Once, when we were out walking and chatting our way through the city streets on an early Sunday morning – having sneaked out before the others had awakened – he said that it would have been nice if we had some money for a cup of tea somewhere. In the middle of his sentence I had spotted something on the pavement a few feet away from us. I dived off in the direction of it, grabbed it, and came back to him, holding my hand up to him showing a £5 note. He laughed with joy, but told me that I could do anything I wanted with it; it did not have to be used for tea. We had tea. And it was a particularly excellent Sunday morning.”

Ghost town misadventures

It was back in ’75 or ’76. The whole neighbourhood seemed like one of those ghost towns from the western films on TV and our normally creative minds had run as dry as the air around us. Breathing that day was exhausting business to anyone. Only the birds were lucky enough to breathe air that didn’t feel like sawdust on fire. The four of us wandered around in the void, aimlessly kicking stones and empty soda cans in front of us until we came to the road by the school. We sat down in the ditch and spied on the few cars that passed by. One of us, I forget who, started rolling marbles in front of the approaching cars, when suddenly one marble bounced up and crashed into the window shield of one of the cars. The air filled with cracking glass, screeching terror, and four deer-like children vanishing through the bushes.

Before I was out of the bushes, the twins and Toby were gone. Heart pounding. Adrenalin, but no air and no legs. A growling ogre in the bushes behind me. I stopped dead in my tracks in front of a small house with a garden by the road. No longer a deer, but a fox, I shed my T-shirt behind the low stone wall, sat down pretending to be as bored as before. Out of the bushes, the ogre charged towards me, stopped and asked if I had seen some boys running this way. I looked him straight in the eyes and told him that I hadn’t. He continued his hunt. Life and all the air returned like the first day of spring. I collected my T-shirt, rolled it up like a ball, put it in my pocket, and slowly walked towards home. I felt like a Sherlock Holmes version of quick-drawing Kid Curry from Alias Smith & Jones.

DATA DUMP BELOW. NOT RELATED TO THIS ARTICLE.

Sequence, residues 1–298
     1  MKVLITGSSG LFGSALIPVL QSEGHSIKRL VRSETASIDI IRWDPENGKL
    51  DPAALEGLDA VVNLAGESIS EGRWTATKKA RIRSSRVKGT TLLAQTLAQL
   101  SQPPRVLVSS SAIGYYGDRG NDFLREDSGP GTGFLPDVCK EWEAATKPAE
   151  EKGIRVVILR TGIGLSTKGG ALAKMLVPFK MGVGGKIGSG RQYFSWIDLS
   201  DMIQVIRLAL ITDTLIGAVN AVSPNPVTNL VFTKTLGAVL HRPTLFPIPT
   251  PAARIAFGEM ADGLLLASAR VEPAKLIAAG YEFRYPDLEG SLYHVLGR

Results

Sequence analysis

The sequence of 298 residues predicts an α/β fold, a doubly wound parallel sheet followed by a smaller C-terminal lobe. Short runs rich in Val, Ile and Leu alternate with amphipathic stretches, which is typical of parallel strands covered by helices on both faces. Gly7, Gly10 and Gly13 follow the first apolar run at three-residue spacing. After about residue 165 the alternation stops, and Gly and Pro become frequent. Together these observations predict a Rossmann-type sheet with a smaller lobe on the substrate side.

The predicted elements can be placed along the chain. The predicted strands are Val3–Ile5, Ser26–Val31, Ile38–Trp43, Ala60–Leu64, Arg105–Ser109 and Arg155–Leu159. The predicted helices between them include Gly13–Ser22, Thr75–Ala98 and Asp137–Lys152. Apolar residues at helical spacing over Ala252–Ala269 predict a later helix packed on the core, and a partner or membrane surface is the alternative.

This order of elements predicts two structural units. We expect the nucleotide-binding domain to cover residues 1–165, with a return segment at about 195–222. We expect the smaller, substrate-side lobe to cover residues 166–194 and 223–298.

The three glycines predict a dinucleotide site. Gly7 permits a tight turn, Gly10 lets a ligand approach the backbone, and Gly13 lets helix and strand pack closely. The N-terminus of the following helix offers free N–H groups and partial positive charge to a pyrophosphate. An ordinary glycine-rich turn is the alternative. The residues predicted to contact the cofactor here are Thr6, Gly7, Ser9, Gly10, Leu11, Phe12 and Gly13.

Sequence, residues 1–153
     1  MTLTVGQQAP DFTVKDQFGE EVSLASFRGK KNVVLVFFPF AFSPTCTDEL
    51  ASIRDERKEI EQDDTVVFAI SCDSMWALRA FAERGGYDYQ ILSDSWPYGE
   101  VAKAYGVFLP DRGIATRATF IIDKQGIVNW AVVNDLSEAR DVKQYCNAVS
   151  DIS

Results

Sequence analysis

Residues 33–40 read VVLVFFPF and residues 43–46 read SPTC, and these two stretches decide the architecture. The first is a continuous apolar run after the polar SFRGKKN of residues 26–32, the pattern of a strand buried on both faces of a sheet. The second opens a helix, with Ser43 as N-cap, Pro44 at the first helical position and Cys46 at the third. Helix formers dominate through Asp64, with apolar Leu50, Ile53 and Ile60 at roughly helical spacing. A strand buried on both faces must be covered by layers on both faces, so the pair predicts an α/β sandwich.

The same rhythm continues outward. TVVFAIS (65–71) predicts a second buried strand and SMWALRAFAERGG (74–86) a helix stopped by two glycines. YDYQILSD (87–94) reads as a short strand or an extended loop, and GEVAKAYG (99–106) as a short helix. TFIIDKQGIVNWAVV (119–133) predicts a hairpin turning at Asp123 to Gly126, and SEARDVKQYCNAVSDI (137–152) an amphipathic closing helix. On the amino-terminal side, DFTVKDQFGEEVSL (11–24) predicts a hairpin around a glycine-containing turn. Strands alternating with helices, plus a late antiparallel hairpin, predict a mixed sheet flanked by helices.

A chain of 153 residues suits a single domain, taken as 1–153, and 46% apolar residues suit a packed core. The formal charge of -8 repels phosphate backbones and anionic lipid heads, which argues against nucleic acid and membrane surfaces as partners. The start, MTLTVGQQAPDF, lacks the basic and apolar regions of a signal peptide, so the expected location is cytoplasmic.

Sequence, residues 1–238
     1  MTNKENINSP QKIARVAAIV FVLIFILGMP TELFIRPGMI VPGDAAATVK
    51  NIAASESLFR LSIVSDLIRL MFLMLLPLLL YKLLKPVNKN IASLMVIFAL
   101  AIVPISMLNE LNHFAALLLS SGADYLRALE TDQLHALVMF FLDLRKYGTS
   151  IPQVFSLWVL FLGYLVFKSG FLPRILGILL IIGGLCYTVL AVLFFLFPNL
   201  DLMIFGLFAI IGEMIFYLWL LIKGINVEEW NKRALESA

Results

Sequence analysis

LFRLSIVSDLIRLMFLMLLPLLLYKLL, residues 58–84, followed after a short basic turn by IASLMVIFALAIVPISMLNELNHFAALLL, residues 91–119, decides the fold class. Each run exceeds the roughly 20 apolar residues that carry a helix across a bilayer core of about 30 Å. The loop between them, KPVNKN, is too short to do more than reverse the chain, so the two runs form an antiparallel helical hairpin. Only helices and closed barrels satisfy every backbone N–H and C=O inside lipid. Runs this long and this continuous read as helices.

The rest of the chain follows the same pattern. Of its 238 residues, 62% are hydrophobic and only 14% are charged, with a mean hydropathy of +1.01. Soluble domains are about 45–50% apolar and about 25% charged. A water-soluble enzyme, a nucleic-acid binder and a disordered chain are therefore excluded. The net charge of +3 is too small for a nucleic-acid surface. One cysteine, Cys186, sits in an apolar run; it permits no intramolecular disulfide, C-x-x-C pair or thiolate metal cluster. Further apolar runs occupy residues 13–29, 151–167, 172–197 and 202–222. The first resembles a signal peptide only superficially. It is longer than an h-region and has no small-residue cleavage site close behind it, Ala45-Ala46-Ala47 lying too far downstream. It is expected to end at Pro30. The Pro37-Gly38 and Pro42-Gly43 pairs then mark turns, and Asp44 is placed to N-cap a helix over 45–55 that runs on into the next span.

That helium feeling

I started to write on a new short story tonight. I was just about to go to bed after having seen a lovely film, when I realised that the film was telling me about my own life (or certain parts of it) and I just had to write down a few words that came into my mind. I do that a lot just in case I can use it in my writing later on. This time I wrote almost 4000 words in less than 45 minutes. My fingers actually hurt and my eyes won’t let me keep going, but it’s a good feeling, and, as a friend of mine wrote today, “[that] helium feeling that appears when [it] is written” is fantastic!

Adagio

I live in the City of Winds. This morning it’s the City of Cold Winds. No snow yet, though.

After all the work last night (went on to midnight) and after having had my morning bath to the gentle tunes of Albinoni, I feel quite pleased with myself.

Now, off to work.

Pressurized

Trying to make me do or say things I do not want to do or say is not OK. Not even by a long-shot. To quote Lewis Black, “…that puts a lot of pressure on me… and I don’t respond well to pressure.”

Last year ended well, however. 2011 had its ups and downs, but all in all I had a great year. I’m very thankful for that. This year can only get better.